Insider is a mix of sources and references used in compiling Stikky Trees, trivia, things we left out, and known errors

It also provides some insight to anyone interested in the thinking behind the Stikky method.

If you have a specific question you would like to see addressed here, email : insider1 (at)

The Top 10 Trees in the U.S. by State
Find out which trees are likely to be growing in your backyard. Or, the next time you go on vacation, you can get a sneak preview of leaves to be looking out for along your way.

3: Trees are mini oxygen factories. Trees consume carbon dioxide and emit oxygen; humans do the reverse. But the situation isn't quite that straightforward since, when trees die, they also consume oxygen as they decompose. Actually, it's not that straightforward either, since the oxygen used in decomposition is actually used by organisms feeding on the trees. So you can see that any claim along the lines of "trees/animals use/produce oxygen/carbon dioxide" is not the whole story.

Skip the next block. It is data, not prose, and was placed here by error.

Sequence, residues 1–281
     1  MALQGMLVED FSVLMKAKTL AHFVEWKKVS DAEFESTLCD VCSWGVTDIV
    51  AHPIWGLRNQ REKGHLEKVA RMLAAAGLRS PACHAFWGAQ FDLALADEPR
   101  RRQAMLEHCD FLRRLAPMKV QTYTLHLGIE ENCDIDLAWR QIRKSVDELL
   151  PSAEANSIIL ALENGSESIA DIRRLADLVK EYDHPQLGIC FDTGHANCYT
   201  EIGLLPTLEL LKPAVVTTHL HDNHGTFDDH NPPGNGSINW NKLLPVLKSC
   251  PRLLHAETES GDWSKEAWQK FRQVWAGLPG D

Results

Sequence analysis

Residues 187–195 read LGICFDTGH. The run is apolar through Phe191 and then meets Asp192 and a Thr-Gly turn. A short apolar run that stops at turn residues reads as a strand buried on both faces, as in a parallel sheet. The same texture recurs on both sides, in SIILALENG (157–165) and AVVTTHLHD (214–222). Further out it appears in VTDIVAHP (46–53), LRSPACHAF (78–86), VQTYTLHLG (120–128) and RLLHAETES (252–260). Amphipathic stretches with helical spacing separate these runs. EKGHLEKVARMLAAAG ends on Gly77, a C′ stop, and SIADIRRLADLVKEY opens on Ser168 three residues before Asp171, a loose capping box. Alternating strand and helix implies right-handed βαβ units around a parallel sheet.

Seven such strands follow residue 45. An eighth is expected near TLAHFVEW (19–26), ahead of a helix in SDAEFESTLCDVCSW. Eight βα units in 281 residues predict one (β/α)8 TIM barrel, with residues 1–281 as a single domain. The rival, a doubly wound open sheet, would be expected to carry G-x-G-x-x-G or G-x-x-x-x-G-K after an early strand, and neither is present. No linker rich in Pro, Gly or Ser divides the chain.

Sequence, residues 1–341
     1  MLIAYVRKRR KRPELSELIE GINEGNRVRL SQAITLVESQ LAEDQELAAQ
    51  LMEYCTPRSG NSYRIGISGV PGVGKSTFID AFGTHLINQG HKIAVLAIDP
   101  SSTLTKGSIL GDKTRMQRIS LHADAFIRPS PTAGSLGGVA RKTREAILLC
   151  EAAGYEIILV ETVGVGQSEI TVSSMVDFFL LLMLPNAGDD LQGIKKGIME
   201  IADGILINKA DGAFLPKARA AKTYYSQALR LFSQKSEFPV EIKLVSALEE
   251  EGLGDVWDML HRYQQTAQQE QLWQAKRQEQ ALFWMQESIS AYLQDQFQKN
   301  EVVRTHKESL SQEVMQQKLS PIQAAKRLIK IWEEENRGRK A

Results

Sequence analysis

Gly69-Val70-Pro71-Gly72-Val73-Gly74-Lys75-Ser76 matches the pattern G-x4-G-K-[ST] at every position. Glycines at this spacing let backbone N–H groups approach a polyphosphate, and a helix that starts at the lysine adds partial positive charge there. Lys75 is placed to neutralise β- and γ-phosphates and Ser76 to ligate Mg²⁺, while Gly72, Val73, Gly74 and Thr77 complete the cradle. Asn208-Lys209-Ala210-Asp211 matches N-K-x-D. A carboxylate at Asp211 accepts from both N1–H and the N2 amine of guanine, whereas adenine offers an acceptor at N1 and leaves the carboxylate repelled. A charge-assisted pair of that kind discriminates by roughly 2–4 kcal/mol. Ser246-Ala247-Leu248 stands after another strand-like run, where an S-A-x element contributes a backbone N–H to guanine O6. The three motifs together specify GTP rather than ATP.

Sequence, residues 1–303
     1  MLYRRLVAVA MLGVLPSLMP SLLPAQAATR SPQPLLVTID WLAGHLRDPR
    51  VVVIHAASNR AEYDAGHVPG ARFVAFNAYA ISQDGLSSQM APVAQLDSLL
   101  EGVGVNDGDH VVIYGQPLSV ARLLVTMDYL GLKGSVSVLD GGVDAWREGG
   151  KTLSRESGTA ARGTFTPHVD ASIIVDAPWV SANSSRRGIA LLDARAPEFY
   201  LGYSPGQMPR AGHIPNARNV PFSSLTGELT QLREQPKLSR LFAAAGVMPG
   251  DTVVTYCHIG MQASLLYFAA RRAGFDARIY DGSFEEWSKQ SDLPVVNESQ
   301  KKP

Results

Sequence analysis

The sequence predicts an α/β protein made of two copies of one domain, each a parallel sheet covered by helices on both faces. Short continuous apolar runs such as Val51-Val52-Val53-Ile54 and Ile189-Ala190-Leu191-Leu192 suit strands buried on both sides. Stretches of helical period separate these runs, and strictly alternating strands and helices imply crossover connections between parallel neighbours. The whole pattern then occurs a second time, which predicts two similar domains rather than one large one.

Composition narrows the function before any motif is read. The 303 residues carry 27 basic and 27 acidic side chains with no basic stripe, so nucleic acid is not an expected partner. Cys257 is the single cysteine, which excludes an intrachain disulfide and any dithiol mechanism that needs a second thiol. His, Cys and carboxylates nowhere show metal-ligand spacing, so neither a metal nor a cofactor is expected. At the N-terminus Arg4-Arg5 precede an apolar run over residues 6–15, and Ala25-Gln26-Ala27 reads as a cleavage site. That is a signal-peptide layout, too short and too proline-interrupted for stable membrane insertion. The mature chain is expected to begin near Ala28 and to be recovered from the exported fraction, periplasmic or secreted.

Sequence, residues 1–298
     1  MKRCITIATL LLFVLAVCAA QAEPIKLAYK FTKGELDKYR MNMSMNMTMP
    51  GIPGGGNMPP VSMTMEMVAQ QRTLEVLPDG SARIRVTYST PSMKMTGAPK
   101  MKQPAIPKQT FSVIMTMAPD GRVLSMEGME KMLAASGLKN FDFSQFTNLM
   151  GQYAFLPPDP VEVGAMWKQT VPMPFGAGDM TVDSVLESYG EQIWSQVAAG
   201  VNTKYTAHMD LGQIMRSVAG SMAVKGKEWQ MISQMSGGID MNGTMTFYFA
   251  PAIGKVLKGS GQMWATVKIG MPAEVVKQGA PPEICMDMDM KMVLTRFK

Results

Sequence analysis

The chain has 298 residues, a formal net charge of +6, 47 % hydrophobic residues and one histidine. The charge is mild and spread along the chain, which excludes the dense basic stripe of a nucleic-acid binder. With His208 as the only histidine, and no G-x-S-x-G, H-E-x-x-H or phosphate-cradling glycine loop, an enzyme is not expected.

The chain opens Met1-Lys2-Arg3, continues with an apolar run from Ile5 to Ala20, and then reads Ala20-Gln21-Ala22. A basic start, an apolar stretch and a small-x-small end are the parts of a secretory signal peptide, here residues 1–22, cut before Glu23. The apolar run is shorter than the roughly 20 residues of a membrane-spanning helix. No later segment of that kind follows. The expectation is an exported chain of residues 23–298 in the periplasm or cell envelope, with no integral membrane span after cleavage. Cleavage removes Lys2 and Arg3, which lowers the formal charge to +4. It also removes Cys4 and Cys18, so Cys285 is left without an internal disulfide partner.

6: Oldest living thing. At least, oldest that we know of. The verified oldest living tree is a 4,700 year-old bristlecone pine residing in the White Mountains of California. See

7: (Logging train photo.) A logging train winding down from the fir forests of the Cascade Mountains in the US Pacific Northwest.

54: Aspen. This was by far the most difficult photograph in the book to get. It involved a lengthy train ride to Pelham, north of New York City, followed by a cab ride with a driver who had no idea where we were going. We finally found the promised stand (ie, group) of aspen trees in Pelham Bay Park, next to the parking lot.